For a guy that has never made a puzzle you'd think I could find easier problems to tackle but its this new ground that I find the most fun to play in.

Carl

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 Post subject: Re: The Mixup Master Skewb...
PostPosted: Thu Sep 23, 2010 12:02 am 
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from the looks of it, I can't see why it wouldn't allow normal skewb and master skewb turns already...

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 Post subject: Re: The Mixup Master Skewb...
PostPosted: Tue Sep 28, 2010 11:17 am 
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Ok... did some more work this past weekend. I also corrected a few problems I spotted. The slidey pieces are actually the intersection of 12 cones. Above I only used 4 and I fudged their radii to make it look like they worked. Here is what I have so far. I'll start on the mech that holds it together next weekend.

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Enjoy,
Carl

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 Post subject: Re: The Mixup Master Skewb...
PostPosted: Tue Sep 28, 2010 11:21 am 
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elijah wrote:
from the looks of it, I can't see why it wouldn't allow normal skewb and master skewb turns already...
A picture is worth a 1000 words.... here is a gif that should answer that question.

Image

Carl

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 Post subject: Re: The Mixup Master Skewb...
PostPosted: Wed Sep 29, 2010 12:24 am 
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wwwmwww wrote:
Ok... did some more work this past weekend. I also corrected a few problems I spotted. The slidey pieces are actually the intersection of 12 cones. Above I only used 4 and I fudged their radii to make it look like they worked.
Can you show us where the 12 cones come from? I'm curious that it is that defines these pieces. I'm guessing it's based on the 6 conical sections that define the fudged path. To the naked eye it looks like they're made from 8 cones. I wonder where the other 4 are hiding.

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 Post subject: Re: The Mixup Master Skewb...
PostPosted: Sat Jan 29, 2011 11:15 pm 
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GuiltyBystander wrote:
wwwmwww wrote:
Ok... did some more work this past weekend. I also corrected a few problems I spotted. The slidey pieces are actually the intersection of 12 cones. Above I only used 4 and I fudged their radii to make it look like they worked.
Can you show us where the 12 cones come from? I'm curious that it is that defines these pieces. I'm guessing it's based on the 6 conical sections that define the fudged path. To the naked eye it looks like they're made from 8 cones. I wonder where the other 4 are hiding.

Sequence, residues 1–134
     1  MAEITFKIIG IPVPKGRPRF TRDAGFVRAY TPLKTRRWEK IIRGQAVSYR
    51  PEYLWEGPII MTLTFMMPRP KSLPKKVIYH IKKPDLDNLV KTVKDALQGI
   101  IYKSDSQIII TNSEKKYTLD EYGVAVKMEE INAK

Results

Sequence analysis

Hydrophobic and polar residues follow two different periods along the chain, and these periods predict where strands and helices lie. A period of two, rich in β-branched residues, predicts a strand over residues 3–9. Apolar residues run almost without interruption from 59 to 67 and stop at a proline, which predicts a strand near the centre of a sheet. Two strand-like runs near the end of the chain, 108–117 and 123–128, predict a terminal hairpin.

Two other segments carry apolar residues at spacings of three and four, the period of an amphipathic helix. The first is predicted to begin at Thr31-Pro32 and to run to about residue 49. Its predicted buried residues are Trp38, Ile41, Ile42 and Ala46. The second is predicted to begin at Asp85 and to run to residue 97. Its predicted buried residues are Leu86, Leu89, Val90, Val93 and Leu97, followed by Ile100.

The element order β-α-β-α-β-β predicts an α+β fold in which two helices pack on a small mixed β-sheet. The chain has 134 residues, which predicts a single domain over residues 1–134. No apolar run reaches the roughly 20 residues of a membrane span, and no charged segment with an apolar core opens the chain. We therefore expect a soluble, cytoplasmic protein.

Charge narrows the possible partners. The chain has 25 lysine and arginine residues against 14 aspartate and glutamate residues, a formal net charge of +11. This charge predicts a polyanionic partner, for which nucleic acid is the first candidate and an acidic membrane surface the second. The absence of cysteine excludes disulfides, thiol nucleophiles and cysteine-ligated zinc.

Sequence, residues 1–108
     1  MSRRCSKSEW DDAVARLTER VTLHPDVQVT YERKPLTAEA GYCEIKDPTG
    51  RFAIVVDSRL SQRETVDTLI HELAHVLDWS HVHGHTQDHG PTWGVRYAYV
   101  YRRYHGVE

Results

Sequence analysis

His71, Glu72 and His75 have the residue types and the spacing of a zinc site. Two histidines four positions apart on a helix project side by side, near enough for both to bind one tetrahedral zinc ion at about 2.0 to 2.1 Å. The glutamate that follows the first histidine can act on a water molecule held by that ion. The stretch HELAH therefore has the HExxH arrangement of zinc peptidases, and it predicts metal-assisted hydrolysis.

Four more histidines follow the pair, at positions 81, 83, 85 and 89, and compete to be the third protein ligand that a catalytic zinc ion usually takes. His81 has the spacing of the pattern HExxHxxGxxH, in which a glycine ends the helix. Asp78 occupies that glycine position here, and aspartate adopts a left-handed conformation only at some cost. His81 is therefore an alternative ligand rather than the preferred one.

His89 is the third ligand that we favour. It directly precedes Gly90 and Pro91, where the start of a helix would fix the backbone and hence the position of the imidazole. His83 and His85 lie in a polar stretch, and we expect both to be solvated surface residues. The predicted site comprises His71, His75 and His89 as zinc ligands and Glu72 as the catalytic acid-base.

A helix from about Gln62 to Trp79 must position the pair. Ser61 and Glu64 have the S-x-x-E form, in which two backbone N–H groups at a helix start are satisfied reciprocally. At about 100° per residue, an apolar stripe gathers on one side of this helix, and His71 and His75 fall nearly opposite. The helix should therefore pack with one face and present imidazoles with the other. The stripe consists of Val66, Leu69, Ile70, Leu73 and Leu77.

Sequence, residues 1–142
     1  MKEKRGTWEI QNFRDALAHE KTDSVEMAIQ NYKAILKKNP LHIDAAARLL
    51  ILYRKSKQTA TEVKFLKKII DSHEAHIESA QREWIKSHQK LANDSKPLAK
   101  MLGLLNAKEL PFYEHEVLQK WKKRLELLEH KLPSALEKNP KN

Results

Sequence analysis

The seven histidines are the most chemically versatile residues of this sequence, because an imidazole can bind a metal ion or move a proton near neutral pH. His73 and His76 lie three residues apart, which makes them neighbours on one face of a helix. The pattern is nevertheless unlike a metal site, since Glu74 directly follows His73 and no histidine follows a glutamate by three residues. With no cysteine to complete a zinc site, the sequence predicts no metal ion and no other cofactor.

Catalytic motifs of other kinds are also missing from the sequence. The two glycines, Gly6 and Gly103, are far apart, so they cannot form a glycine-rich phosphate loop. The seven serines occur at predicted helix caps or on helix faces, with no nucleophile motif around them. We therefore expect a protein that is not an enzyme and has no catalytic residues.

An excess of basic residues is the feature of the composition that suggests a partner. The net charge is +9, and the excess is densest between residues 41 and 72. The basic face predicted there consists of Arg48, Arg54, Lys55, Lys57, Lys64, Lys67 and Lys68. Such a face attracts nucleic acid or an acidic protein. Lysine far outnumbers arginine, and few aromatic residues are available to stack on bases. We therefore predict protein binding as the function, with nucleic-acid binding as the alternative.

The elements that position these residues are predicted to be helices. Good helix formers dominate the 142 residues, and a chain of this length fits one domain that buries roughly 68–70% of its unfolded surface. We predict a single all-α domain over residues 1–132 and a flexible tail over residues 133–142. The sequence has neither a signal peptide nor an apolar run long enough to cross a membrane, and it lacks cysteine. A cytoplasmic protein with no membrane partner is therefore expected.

Sorry for the late reply... just realized I never answered this question...
Attachment:
MMSkewb22.png
MMSkewb22.png [ 24.18 KiB | Viewed 7910 times ]

Here is what a slidey piece looks like. Each side has 3 conical cuts on it. The red and green are define by how the slidey pieces slide past other slidey pieces. The blue conical cut is defined by how they slide past the blue pieces, the Skewb face and corner pieces. That is how I got 12. If you'd like the POV-Ray Code for the above animation let me know.

Carl

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 Post subject: Re: The Mixup Master Skewb...
PostPosted: Sat Jan 29, 2011 11:22 pm 
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I am pretty surprised we haven't seen this puzzle on oskars shapeways shop yet. I really like the idea of this puzzle.


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 Post subject: Re: The Mixup Master Skewb...
PostPosted: Sun Jan 30, 2011 3:22 am 
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wwwmwww wrote:
Sorry for the late reply... just realized I never answered this question...
lol, you could have not answered and gotten away with it. I had completely forgotten about it :P Thanks for the answer though.

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 Post subject: Re: The Mixup Master Skewb...
PostPosted: Sun May 15, 2011 8:43 pm 
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I've been trying to teach an old dog a new trick. In this case the old dog is me. And this trick is how to make a puzzle in something other then POV-Ray so I have the hopes of getting it 3D printed someday. Here is how far I got today...

Image

Not bad. But it turns out the way I typically make puzzles is nothing much like the way SolidWorks has typically been used to make puzzles before. So I'm trying to blend some of my POV-Ray tricks into SolidWorks and I'm making some headway. Now that I know how several of you have been using SolidWorks it almost feels like cheating. With POV-Ray I build each part of the puzzle, sometimes one surface at a time, and then I start putting the pieces together. With SolidWorks you can define a few simple cuts and let the software do all the work. You don't even need to know what the individual pieces need to look like before you start. Sounds like cheating to me. ;)

And actually I've cheated above. That image is actually the assembly of two parts. One sphere with all the corners attached and another sphere with all the face centers attached. Haven't figured out how to merge them into one part yet... but I'll get there.

Carl

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 Post subject: Re: The Mixup Master Skewb...